I also thoroughly enjoy working with a photography assistant. They can help with setting up the lighting, moving lights and props around, be your second set of eyes, or even act as hand models.
As you grow your business even larger, you might want to bring on tech assistants, editors, a creative director, or producers. It really depends on the type of work you do and how you like to work.
This tip might seem counterintuitive. Turns out, lower prices don’t always attract more client options. Instead, low prices can leave prospective clients wondering, “what’s wrong with this photographer?” or “what are they leaving out?”
On the other hand, strategically raising your rates indicates to your photography clients that you’re in demand and truly valuable. You might even say that raising your prices is sure to raise a few eyebrows!
Make sure that your rates reflect your style, experience, and the types of client you hope to draw in.
If you have been following me for more than a week, you know how I feel about working in exchange for free products (hint: it’s a hard pass). And when a potential client asks for a discount, even if it’s a friend or family member, just adjust the scope of work to reflect their budget instead of doing that work for free.
It helps to have a list of questions that you can ask potential clients on your discovery call. You can also send new clients an intake form.
Besides the usual questions about how many images they need, where they will be using them, and so on, I recommend you ask clients questions about their business, audience, goals, and what they’re hoping to accomplish with you. You’ll be able to get a good feel for your working dynamic with just a few strategic questions.
Don’t be afraid to turn away candidates that don’t meet your needs at the time. But don’t burn any bridges! Politely decline but leave space for jobs in the future.
Related: How To Qualify Your Photography Prospects During The Client Onboarding Process
Bear in mind that your photography clients are looking for more than photographs. They want to feel secure and supported through the creative journey. If you want to take on new photography clients, you may need to make improvements to the overall experience of working together.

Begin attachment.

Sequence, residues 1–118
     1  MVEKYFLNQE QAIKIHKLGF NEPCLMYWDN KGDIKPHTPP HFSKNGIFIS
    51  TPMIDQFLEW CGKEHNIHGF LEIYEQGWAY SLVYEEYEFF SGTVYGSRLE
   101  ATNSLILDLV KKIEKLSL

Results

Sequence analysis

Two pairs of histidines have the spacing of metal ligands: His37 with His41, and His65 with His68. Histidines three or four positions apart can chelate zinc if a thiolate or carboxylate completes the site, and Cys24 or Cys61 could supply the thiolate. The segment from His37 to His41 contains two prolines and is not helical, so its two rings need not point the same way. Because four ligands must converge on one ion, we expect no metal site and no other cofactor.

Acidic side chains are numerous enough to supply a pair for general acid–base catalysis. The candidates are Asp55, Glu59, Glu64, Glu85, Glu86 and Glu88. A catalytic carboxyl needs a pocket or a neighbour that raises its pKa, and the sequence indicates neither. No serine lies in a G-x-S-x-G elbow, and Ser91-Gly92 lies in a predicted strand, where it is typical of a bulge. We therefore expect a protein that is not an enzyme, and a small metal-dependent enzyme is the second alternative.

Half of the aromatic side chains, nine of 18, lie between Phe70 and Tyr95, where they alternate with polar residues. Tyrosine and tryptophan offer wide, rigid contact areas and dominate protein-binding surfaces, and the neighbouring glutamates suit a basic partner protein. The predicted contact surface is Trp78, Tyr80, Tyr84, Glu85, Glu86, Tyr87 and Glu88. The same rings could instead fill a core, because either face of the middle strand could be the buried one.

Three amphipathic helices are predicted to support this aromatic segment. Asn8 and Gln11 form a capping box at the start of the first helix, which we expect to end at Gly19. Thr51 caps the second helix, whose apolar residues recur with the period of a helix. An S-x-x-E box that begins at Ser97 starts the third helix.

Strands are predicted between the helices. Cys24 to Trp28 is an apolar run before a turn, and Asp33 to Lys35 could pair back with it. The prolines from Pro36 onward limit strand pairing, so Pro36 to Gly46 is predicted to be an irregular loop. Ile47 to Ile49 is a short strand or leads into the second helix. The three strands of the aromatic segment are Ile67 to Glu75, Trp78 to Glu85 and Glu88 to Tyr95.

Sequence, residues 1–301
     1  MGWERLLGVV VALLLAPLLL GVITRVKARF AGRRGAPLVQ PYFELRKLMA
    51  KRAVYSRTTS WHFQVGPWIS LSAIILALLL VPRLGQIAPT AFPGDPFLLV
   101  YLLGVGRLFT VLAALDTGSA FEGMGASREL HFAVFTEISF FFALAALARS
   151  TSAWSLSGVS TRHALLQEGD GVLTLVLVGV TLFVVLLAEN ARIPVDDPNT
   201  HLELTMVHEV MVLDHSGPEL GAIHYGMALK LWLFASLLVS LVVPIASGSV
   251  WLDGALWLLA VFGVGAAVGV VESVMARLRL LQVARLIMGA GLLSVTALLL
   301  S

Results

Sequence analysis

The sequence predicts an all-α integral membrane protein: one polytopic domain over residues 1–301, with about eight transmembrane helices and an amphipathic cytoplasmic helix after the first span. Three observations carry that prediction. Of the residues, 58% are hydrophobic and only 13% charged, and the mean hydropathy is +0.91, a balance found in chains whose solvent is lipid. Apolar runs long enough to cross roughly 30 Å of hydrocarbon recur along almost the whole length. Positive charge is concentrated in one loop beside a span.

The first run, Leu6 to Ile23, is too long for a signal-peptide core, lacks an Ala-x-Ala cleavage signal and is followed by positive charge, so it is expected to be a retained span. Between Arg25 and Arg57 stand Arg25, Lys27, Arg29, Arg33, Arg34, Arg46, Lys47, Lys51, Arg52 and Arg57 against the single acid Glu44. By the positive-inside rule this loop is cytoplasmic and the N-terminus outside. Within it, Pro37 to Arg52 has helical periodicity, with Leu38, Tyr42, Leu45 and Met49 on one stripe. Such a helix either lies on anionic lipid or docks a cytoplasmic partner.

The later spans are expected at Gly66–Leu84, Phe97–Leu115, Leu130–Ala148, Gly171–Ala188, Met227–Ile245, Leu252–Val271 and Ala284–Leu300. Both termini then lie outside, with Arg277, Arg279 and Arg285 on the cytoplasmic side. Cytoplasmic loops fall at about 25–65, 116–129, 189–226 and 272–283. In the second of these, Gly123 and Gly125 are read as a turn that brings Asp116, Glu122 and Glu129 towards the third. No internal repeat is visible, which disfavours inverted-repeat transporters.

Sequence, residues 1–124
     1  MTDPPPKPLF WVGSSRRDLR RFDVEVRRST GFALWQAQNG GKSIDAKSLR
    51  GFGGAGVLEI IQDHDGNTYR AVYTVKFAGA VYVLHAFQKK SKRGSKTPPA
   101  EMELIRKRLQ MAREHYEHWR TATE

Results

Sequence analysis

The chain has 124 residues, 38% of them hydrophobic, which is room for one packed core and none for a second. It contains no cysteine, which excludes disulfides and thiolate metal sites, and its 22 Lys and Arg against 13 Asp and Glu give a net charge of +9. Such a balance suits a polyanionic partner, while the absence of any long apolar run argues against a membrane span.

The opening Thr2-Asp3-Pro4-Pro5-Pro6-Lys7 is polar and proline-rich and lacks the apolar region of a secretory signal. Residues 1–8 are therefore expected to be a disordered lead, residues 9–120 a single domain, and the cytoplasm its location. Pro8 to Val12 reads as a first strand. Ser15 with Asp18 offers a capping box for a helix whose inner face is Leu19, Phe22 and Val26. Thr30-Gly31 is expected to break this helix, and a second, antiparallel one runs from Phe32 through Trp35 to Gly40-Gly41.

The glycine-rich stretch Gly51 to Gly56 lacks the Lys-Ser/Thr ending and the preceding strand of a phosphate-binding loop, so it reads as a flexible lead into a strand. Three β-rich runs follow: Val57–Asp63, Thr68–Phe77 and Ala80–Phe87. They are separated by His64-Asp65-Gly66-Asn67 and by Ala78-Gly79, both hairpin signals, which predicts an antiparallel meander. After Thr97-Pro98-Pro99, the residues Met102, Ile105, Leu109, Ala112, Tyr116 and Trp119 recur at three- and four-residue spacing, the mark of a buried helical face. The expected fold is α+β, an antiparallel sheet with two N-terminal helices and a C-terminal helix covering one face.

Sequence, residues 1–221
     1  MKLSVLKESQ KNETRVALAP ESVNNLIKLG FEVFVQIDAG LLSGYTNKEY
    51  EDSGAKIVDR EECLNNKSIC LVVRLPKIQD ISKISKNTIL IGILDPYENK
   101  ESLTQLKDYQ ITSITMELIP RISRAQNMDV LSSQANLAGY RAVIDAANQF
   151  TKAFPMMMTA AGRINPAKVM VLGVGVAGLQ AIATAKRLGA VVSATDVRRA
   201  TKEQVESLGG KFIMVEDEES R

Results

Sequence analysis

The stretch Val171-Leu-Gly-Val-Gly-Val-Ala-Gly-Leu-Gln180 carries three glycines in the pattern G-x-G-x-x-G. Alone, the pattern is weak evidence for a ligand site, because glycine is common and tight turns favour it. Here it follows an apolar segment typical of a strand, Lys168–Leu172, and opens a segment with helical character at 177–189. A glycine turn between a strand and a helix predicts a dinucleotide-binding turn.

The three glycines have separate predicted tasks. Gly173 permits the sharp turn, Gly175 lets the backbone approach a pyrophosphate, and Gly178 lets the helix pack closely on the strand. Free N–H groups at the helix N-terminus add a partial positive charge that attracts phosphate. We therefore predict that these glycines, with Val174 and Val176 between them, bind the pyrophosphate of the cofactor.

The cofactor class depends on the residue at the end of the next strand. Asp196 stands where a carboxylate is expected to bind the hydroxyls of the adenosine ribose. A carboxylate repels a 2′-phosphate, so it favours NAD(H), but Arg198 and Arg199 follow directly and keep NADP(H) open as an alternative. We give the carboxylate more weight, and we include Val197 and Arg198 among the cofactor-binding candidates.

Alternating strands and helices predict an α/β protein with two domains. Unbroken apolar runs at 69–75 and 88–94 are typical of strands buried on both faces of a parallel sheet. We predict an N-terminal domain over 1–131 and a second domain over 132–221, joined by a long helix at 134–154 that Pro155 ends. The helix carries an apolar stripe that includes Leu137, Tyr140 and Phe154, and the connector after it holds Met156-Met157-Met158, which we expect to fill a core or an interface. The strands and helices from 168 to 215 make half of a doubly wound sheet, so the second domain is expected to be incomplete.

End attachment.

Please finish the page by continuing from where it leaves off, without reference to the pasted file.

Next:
And that doesn’t mean compromising your artistic talents or adopting the mindset of “whatever you say!” It simply means checking all boxes: producing clear and concise contracts to outline your role, protecting your rights and your client’s rights, and leaving lines of communication open.
Your client’s comfort with you is as important as their satisfaction with the finished product. You want to create a premium, repeatable experience. Templates help tremendously with this!
Feedback and testimonials go hand-in-hand, but their benefits differ slightly. Feedback helps you gain clarity on your processes and performance so you can adjust and improve as needed. Testimonials, on the other hand, are an incredible way to advertise your expertise and showcase a job well done.
There are a few great ways to acquire feedback:
You don’t have to take every bit of feedback to heart. Be sure to note the differences between disgruntled clients that were never a good fit for you in the first place, versus clients who have genuinely considered all aspects of your job and aim to help you learn and grow.
Pro tip: Nothing sells quite like a positive testimonial—so be sure to leverage them in your marketing strategies!
The best photography clients are the returning ones! Repeat clients save you time and money on lead generation and pre-production work. You’ll already be familiar with their style, products, company, and so on.
Not to mention, repeat clients are more likely to refer your services to a friend. If they appreciate your work enough to keep coming back, it stands to reason that they like your work enough to speak about you to others.
You can maintain your relationships with your best clients (and spark their memory to chat about you in their network) by engaging with them on social media or keeping them up-to-date on your work through regular email campaigns.
Searching for and taking on new photography clients doesn’t have to be a nightmare! By using the tips and tricks in this post, you’re sure to take on the exact type of clients you want to work with. Be sure to snag our Client Proposal Toolkit for easy access to templates, tutorials, and more education on client proposals.
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Helping brands and businesses promote a happy, healthy and sustainable lifestyle through stunning food and product photography